Condition: Fresh from dry storage
Certain nameplates carry instant unexceptional kudos. Allegro. Montego. Cavalier. We’d throw Carina on the list too; Toyota’s large family car has never really set the world on fire, instead doing reliable service in the background while more attractive and dynamic rivals accrued column inches. Even stints in the BTCC, across a few generations, struggled to imbue it with desirability.
A confusing name probably didn’t help matters, because while the car you see here is called the Carina II, it is not, really, the second generation of the model, it’s the first.
It’s one of those quirks of the Japanese car industry, since in Japan, Toyota sold another, unrelated model called the Carina. If you go far enough down the rabbit hole – I’ve done it so you don’t have to – you’ll discover Toyota sold a Corolla II, too, which was really just a dressed-up Tercel.
More confusingly still, Carina IIs are loosely related to Carinas, though that really is a Wikipedia tumble, and all you really need to know is that the Japanese ones were more like a four-door Celica, whereas the cars that came to the UK in 1984 were significantly less sporty.
This wasn’t helped by a choice of just two engines: an 83bhp 1.6-litre petrol, and a 72bhp 2-litre diesel, each driving the front wheels.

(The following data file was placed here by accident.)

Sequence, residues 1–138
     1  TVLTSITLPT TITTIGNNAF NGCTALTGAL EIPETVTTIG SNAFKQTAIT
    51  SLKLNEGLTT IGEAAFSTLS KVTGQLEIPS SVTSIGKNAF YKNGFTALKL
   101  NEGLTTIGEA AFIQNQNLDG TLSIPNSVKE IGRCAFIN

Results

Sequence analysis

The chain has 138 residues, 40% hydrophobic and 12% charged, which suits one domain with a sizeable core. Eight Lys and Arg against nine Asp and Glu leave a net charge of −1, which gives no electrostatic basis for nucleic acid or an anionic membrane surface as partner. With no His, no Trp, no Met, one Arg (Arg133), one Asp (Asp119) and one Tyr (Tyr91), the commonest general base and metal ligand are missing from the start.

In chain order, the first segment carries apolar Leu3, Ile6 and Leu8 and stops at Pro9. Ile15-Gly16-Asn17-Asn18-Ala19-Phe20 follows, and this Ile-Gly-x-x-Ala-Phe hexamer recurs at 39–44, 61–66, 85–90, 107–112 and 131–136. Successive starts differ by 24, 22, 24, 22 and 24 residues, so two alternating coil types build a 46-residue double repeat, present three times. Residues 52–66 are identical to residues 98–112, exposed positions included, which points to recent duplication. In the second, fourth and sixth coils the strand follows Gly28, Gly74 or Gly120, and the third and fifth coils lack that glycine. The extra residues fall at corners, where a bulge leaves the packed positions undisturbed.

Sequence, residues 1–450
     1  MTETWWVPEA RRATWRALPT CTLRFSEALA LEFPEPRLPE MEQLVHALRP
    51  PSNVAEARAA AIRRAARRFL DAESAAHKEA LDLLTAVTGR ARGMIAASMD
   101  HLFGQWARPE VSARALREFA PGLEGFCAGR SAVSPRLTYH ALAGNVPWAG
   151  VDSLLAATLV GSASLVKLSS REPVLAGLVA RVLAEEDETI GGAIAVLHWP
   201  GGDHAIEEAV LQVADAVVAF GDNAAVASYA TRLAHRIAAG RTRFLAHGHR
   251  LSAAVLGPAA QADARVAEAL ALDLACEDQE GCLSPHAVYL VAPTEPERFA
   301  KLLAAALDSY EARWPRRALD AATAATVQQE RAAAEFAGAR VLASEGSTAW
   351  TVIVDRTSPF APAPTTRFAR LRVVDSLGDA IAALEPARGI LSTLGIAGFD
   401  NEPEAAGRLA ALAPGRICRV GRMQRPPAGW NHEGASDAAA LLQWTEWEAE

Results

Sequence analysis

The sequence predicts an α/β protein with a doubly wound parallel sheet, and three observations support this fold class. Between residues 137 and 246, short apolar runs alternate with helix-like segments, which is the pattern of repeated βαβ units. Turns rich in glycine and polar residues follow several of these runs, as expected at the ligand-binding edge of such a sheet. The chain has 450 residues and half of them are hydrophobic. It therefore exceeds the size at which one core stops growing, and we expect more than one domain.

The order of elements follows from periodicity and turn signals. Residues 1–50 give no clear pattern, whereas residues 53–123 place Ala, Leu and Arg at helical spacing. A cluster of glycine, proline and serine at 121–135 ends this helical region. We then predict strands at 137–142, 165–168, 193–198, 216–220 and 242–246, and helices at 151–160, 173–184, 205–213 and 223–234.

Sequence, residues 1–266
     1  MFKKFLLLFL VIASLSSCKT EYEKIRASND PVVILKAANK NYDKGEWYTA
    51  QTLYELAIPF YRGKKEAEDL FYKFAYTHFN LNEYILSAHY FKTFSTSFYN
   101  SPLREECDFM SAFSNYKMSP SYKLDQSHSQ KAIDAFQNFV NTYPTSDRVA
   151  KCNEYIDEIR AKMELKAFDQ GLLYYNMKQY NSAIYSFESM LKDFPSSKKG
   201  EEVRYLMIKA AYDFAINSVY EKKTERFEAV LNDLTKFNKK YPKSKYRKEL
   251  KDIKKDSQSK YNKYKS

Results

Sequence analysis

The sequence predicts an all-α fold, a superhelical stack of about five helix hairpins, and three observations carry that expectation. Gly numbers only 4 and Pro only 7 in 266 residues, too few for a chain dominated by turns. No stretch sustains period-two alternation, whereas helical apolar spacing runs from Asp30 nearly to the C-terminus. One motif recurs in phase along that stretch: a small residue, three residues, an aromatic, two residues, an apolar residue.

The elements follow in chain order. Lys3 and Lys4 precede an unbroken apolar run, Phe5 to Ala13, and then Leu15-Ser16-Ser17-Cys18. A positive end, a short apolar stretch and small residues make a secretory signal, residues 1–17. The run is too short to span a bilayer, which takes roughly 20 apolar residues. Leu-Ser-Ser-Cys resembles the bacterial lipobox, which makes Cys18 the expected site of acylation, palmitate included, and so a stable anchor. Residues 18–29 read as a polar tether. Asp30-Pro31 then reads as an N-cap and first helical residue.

Our advertised car hosts the former unit, and is likely one of very few left in the UK. Most Carina IIs – not that they appear on the market frequently – tend to be the second-gen car, and the one you might recognise from its early BTCC exploits in the hands of Andy Rouse.
These early ones are in many ways more unconventional, with some unique if not particularly cohesive styling details – check out those wraparound front indicators as an example, and the thick side strip that starts above them and then wraps all the way around the rear of the car.
The interior has a few typical 1980s quirks too, such as the switches mounted either side of the instrument binnacle (something that has actually made a gentle comeback, on cars like the Lexus LC and the new McLaren Artura), and the little coin tray just beside the steering column.
The cabin seems to have held up very well, even considering a relatively low 63,000 miles, though the first thing we’d do is take a wet vac to the seats, which are on the way from their original blue to a browner shade.
Actually, our first priority would be preparing it for an MOT, as it’s not had one since 2014, and lest we forget, as a 1987 it’s not yet exempt from the things. Other than a couple of exhaust-related failures its previous tests have all been clean, and as the ad suggests it’s been dry stored for the last decade (and given it looks smart enough in pictures), so you’d hope that corrosion shouldn’t be an issue.
Then, you’d just want to drive it. Which surely wouldn’t be exciting, but as with many of our unexceptional classified choices, that’s not really the point. For under five grand, you’d almost certainly be turning up at the Festival of the Unexceptional in a car that nobody else has – and you can’t say that about an Allegro or Cavalier.